Europe is split by striking differences in its attitude to God and the role religion plays in national identity. Overall, Central and Eastern Europeans are much more religious than Western Europeans.
Romania is Europe’s most religious country, according to research undertaken by the Pew Research Center. The research found that 55% of Romanians are “highly religious”. Armenia, Georgia, Greece and Moldova were also in the top five.
Europe’s least religious countries were Estonia, Denmark, the Czech Republic, Sweden, and Belgium, where no more than 10% of people were “highly religious’’. In the United Kingdom only 11% of people are “highly religious”. The Pew Research Center’s interactive map provides a summary of all of Europe.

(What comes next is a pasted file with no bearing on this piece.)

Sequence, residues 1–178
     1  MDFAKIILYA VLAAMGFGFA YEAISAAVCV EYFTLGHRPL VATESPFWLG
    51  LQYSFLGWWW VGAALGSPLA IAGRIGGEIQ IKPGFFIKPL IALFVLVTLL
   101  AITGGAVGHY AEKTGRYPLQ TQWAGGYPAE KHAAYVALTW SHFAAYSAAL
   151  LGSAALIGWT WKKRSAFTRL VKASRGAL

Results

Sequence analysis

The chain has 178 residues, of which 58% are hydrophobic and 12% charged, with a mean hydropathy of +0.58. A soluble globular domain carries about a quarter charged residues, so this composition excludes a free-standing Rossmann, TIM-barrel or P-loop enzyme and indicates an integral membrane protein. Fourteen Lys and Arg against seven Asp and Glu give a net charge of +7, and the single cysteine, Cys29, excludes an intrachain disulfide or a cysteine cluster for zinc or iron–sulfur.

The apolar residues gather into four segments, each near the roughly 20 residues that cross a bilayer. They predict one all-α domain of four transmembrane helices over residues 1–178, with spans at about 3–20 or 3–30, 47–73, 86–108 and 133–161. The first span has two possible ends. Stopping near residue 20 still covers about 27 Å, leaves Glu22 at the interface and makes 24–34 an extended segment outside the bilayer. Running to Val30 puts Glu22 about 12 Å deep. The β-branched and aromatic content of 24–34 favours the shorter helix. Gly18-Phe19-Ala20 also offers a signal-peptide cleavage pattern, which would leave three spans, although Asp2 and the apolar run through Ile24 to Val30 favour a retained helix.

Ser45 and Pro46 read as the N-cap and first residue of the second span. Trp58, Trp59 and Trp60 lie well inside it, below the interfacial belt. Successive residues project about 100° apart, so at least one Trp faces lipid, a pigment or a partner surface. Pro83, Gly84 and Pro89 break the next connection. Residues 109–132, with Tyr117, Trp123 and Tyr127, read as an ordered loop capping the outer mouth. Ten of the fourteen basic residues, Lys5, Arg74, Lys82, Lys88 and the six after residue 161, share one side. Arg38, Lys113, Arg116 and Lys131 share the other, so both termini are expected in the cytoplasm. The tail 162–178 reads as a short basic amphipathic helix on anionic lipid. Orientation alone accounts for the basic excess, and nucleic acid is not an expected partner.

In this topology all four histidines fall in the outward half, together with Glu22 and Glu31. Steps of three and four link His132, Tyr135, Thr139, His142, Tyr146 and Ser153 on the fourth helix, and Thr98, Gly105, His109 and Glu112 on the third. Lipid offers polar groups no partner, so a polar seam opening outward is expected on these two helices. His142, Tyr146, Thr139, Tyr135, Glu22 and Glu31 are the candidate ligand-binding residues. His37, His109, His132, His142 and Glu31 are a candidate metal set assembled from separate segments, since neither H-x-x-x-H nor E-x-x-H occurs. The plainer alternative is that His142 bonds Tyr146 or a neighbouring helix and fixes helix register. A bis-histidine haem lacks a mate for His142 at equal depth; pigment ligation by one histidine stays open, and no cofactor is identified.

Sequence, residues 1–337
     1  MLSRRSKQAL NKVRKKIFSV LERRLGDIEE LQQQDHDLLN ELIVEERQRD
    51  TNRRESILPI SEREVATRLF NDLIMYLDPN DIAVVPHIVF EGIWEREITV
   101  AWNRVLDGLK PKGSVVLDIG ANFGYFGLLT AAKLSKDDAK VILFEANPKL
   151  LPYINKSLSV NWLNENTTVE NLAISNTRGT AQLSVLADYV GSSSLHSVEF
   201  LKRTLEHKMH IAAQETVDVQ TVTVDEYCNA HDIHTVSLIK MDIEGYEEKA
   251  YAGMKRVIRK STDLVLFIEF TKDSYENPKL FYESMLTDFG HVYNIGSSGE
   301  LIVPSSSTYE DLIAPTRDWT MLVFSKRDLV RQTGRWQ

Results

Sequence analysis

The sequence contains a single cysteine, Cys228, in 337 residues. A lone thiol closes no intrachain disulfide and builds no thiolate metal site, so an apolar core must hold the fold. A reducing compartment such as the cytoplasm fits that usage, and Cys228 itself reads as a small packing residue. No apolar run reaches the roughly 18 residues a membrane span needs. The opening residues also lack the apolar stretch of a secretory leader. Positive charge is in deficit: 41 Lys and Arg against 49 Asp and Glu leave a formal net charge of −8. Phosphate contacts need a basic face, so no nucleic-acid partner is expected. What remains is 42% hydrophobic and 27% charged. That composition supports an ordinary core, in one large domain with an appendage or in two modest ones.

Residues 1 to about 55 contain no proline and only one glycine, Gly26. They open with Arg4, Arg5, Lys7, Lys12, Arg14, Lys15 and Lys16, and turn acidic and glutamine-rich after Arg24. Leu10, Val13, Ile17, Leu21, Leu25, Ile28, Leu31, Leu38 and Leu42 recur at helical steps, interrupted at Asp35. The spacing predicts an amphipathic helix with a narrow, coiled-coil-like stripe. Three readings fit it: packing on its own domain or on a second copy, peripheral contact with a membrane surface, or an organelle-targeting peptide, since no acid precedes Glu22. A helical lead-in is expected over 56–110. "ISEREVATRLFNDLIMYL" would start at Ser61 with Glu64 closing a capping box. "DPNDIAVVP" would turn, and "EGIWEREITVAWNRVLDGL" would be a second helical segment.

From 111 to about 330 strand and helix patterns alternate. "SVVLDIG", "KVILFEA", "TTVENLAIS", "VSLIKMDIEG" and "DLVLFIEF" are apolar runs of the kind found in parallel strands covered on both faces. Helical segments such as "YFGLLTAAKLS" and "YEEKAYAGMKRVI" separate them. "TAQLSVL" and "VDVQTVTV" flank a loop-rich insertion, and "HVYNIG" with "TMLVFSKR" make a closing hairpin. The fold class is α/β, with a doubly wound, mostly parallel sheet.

This results in a divide on issues such as abortion, same-sex marriage and the acceptance of Muslims in their communities. For instance, 95% of Georgians oppose same-sex marriage and 85% oppose abortion, compared with 7% and 3% of Swedes respectively.
In fact, Swedish officials increasingly take intentional steps to limit expressions of religion, recently making headlines for banning a citizen from registering license plates with a Christian connotation because it might cause offence to others. This is in stark contrast to countries such as Armenia and Georgia where over 81% of people say it is “very or somewhat important to be a Christian to truly share their national identity”.
The criteria to be regarded as “highly religious” were not overly strict, and looked at religious service attendance (at least monthly), prayer frequency (at least daily), belief in God and the self-described importance of religion in one’s life.
People were regarded as “highly religious” if they were highly observant of at least two of the four measures, and did not report low observance of any of the measures unless they were high in all three of the other categories.